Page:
At the start of the trial, all of the women reported eating about seven fruit and/or vegetable servings a day. Also, the two groups were similar in terms of average body weight and the average number of daily calories consumed.
To gather dietary data, researchers telephoned participants throughout the study, asking them to recall what they had eaten for the previous 24 hours. A follow-up assessment was completed by most women after the study ended June 1, 2006. As a way to check on the participants’ self-reports, women in both groups provided blood samples during the study that were analyzed for biomarkers measuring their fruit and vegetable intake.
The study’s lead author was John J. Pierce, Ph.D., from the University of California-San Diego. WHEL was initiated as a pilot study funded by a grant from the Walton Family Foundation, and continued with funding from the National Cancer Institute.
There were significant differences between the two groups in terms of their food intake during the course of the study. At the four-year mark, women in the intensive intervention group were eating 65 percent more vegetables, 25 percent more fruit, 30 percent more fiber, and 13 percent less fat than women in the comparison group. The biomarker indicating fruit and vegetable intake was also 43 percent higher in the intensive intervention group.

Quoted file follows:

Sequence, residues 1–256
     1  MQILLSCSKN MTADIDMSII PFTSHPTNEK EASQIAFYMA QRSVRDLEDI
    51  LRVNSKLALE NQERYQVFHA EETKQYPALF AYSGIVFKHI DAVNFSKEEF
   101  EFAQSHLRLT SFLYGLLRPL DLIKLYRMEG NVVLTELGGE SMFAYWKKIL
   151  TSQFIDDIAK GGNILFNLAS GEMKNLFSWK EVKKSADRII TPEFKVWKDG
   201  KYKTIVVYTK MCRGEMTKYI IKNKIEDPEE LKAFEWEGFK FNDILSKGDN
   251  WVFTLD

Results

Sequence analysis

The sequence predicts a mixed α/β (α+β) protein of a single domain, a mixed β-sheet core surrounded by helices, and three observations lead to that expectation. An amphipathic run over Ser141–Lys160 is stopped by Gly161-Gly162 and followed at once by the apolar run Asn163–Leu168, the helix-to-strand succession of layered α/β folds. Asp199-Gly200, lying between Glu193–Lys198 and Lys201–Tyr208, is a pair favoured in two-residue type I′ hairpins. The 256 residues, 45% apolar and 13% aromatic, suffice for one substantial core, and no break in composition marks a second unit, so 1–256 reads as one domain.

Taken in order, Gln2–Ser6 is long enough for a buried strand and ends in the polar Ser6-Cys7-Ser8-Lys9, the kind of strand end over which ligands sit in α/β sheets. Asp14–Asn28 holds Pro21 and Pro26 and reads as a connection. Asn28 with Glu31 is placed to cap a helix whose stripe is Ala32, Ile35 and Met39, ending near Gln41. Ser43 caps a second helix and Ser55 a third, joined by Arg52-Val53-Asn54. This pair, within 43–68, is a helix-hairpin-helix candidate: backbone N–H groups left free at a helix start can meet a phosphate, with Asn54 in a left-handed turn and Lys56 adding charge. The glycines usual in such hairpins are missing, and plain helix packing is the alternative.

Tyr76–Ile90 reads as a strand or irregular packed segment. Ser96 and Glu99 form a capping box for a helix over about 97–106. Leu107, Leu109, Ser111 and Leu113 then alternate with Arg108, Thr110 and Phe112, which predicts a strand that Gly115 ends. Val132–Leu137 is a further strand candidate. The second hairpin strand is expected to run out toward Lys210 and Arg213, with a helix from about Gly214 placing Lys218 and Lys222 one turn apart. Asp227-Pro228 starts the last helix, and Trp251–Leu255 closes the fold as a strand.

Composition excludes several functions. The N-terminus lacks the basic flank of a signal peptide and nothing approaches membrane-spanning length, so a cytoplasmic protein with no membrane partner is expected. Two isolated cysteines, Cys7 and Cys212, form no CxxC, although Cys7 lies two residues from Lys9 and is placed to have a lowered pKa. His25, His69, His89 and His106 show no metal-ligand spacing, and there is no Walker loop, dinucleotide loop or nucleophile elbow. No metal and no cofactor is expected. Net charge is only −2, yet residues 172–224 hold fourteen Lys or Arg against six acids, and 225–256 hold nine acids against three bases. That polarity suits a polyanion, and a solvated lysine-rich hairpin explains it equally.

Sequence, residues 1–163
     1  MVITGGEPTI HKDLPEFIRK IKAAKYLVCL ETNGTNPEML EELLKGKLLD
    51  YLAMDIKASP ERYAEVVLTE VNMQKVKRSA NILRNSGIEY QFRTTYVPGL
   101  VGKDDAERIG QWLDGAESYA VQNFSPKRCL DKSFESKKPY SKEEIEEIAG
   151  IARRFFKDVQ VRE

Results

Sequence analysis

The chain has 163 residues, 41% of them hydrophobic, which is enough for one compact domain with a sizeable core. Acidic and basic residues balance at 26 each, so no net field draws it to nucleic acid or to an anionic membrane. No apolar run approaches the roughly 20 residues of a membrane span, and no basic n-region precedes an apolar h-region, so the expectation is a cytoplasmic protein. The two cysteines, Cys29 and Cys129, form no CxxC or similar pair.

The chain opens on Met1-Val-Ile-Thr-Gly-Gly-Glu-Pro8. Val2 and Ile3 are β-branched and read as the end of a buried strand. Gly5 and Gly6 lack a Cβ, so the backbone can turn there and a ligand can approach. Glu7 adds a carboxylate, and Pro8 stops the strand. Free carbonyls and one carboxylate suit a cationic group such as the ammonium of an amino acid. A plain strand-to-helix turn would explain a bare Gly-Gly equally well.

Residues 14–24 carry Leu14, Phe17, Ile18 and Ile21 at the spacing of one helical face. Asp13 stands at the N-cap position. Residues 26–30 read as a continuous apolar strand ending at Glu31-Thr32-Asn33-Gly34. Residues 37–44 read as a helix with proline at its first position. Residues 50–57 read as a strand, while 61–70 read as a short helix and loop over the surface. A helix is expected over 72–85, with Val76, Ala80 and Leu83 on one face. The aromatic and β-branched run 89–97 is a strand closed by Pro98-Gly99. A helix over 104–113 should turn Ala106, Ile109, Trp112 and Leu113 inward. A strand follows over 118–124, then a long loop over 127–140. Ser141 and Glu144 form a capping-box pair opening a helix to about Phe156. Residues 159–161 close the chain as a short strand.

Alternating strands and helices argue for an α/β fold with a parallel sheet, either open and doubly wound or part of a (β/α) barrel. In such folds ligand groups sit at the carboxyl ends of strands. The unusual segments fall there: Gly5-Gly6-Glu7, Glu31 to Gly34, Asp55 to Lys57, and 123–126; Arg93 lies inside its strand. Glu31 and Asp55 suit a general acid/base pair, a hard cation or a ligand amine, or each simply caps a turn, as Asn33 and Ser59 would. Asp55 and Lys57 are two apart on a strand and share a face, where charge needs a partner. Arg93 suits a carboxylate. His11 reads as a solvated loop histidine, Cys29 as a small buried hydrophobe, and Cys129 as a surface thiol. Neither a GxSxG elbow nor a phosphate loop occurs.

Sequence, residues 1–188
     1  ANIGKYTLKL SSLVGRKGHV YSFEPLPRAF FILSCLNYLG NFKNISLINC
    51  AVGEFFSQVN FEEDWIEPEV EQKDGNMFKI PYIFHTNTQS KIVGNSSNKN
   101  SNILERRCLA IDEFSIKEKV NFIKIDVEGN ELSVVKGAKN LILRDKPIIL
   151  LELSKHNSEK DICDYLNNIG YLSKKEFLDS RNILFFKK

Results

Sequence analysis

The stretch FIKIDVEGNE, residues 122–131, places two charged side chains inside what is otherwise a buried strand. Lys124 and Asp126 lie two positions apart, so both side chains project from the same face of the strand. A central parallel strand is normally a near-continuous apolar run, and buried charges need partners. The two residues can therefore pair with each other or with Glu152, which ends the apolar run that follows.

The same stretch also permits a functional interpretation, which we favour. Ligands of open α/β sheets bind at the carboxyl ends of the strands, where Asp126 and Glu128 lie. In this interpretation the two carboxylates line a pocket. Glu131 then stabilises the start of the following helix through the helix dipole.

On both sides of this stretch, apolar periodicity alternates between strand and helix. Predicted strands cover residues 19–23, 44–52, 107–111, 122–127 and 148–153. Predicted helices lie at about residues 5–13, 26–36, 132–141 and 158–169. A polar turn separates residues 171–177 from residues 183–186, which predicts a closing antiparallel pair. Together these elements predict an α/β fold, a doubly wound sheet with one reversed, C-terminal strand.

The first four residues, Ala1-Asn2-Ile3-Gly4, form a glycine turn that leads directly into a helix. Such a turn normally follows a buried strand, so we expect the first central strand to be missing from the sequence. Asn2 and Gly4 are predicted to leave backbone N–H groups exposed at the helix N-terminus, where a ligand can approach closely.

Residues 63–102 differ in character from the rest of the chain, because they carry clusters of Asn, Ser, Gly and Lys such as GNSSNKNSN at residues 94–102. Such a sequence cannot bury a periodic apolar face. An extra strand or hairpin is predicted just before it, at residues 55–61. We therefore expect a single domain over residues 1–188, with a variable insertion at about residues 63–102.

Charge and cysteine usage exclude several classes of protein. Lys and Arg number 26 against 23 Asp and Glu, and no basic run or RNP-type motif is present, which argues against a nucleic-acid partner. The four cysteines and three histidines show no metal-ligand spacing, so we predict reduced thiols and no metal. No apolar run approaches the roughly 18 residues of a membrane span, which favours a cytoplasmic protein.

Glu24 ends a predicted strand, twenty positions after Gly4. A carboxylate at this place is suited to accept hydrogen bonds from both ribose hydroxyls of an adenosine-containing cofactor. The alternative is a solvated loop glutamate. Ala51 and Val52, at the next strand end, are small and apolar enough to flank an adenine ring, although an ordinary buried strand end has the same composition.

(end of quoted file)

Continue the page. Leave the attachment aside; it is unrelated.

However, after a median of 7.3 years of follow-up, there were no statistically significant differences in terms of the study’s main endpoints. About 17 percent of women in each group had a breast cancer recurrence or a new primary breast cancer, and about 10 percent died in each group, more than four in five of them due to breast cancer. All of the women had received similar clinical care.
Though they ate significantly more fruit and vegetables than women in the comparison group, women in the intensive intervention group never managed to reduce their daily fat intake to between 15 and 20 percent of their diet. They never got below 21 percent and by the end of the trial were averaging more than 27 percent (as were the women in the comparison group).
Near the end of the seven-year follow-up period, women in both groups were reporting fat intake averages higher than what they’d reported at the start of the study.
Another problem (common to dietary studies) was the difficulty in validating the participants’ reports of what they ate. The periodic blood tests were able to confirm self-reports of fruits and vegetable intake, but not fat. Researchers noted that while women in both groups reported eating fewer calories per day at the end of the study compared to the beginning, all participants on average experienced slight gains in weight – a puzzling occurrence suggesting the women’s calorie reports may have been less than fully accurate.